Summary: Every area of study has its rebels and story tellers. McWhorter’s is rebelling by claiming that English gained more from the Celts than others.
One of the joys of reading is picking up a book in a subject area that you know nothing about and just diving in.
I am going through a bit of reading malaise. I have found in the past that I need to read something completely different. And I have not been excited about my on-deck audiobooks. So I picked this up last week when it was on sale for $1.99 on audiobook with some promotional credits (making it free for me and still technically keeping to my buying no more than 1 book a month pledge.)
Our Magnificent Bastard Tongue is about linguistics and the history of English. The subtitle is over reach and probably written with marketing in mind. But the basic book is five arguments about why we need to pay more attention to grammar in the history of English and less attention to borrowed words and etymology.
Everyone knows that English borrowed a bunch of Viking and French words as part of its development. McWhorter says that more important is the fact that English has borrowed a lot of grammar as well.
The first section is trying to show that English grammar is ‘miscegenated’. He does this by spending a lot of time talking about how we use the word ‘do’. Much of the time ‘do’ is a meaningless word. Or how the ‘-ing’ ending is used in English. All seemingly technical (it is) and boring (it isn’t.)
I listened to this as an audiobook and would recommend that method. There are a few places where seeing the words would probably help. But McWhorter is a specialist in comparative grammar. So he can actually say all of these things in a variety of languages and you can hear the differences in words and the how and why makes a lot of sense.
The controversy of the book is from his insistence that English gained a lot of is strangeness in grammar from it influence from Celtic languages (second section). Which evidently is a controversial position, although it seems to be well documented in the book.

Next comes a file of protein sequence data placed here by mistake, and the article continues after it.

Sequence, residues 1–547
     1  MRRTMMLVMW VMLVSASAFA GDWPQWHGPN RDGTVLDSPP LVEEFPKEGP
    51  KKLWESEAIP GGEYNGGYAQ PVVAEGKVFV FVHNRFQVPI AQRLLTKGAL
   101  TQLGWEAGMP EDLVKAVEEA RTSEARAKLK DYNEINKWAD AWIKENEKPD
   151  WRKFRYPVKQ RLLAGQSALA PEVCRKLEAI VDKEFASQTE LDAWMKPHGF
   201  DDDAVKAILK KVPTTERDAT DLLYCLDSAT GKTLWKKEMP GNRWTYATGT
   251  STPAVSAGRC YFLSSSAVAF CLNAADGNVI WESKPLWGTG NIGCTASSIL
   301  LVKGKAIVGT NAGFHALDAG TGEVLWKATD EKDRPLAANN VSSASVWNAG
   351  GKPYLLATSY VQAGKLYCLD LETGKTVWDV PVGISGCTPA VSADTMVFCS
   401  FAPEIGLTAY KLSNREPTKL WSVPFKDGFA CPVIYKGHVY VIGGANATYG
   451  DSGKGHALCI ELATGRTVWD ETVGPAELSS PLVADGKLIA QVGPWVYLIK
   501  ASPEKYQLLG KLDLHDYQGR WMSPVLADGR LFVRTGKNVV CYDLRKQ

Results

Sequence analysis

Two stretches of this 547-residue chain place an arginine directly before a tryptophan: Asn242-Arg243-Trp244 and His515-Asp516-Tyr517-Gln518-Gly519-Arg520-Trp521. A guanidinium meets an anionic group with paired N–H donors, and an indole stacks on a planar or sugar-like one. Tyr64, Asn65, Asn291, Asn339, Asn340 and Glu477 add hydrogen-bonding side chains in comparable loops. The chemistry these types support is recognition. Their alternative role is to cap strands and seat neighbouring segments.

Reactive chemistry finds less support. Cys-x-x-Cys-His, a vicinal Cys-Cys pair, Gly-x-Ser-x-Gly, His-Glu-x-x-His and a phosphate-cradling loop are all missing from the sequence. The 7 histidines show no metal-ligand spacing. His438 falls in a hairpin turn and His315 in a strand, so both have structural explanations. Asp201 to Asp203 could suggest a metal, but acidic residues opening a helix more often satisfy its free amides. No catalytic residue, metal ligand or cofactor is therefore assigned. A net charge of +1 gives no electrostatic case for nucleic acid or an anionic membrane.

McWhorter rants through the third section against the grammar police. The right way of writing and speaking is an agreed upon convention, not a hard rule. English has too many exceptions to claim that the rules really exist (or make sense.) And he talks about how often our grammar has changed. He is not suggesting that we should not have rules of grammar or against teaching them to students. But he does suggest that the grammar police should probably step back a bit and realize that many of the rules that they are fighting for are relatively recent grammar rules or rules that imports from Latin or French and do not make as much sense in English.
The fourth section of the book dismantles the idea that we think a particular way because of our language and grammar. He strongly dismisses this argument and suggests that it has retained is position as a real idea because it sounds good in popular circles, not because the specialists think there is evidence for it. And if anything, it is the opposite. That we do not have words and grammar because of our thought patterns, not we have thought patters because of our words and grammar.
The final section is about really ancient English history. English is a germanic language. McWhorter believes that one of the reason that English in particular is good at accepting changes to its grammar and words is that proto-German was significantly influenced by another language (he suggests Phoenician as a good possibility, but it is just his best guess.)
Overall while this was way more technical than I would have probably chosen if I had to pick it again, it was an enjoyable read. This probably did start off as three or four essays that were then tied together into a whole. But it feels relatively coherent. There is a bit of a problem of repetition, but that is part of the way he is making his argument.
Again, I would recommend the audiobook for this. It is good to hear the languages and there are parts that you can zone out a bit and not really miss anything.